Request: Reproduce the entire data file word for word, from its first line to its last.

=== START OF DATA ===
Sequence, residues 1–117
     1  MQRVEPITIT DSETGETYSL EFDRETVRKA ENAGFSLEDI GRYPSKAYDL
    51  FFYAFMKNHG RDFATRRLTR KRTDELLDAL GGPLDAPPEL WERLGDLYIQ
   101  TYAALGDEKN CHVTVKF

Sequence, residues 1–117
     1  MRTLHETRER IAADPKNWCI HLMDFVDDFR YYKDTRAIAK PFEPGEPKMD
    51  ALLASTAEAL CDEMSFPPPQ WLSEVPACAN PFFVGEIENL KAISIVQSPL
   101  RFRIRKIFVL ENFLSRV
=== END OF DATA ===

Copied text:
Sequence, residues 1–117
     1  MQRVEPITIT DSETGETYSL EFDRETVRKA ENAGFSLEDI GRYPSKAYDL
    51  FFYAFMKNHG RDFATRRLTR KRTDELLDAL GGPLDAPPEL WERLGDLYIQ
   101  TYAALGDEKN CHVTVKF

Sequence, residues 1–117
     1  MRTLHETRER IAADPKNWCI HLMDFVDDFR YYKDTRAIAK PFEPGEPKMD
    51  ALLASTAEAL CDEMSFPPPQ WLSEVPACAN PFFVGEIENL KAISIVQSPL
   101  RFRIRKIFVL ENFLSRV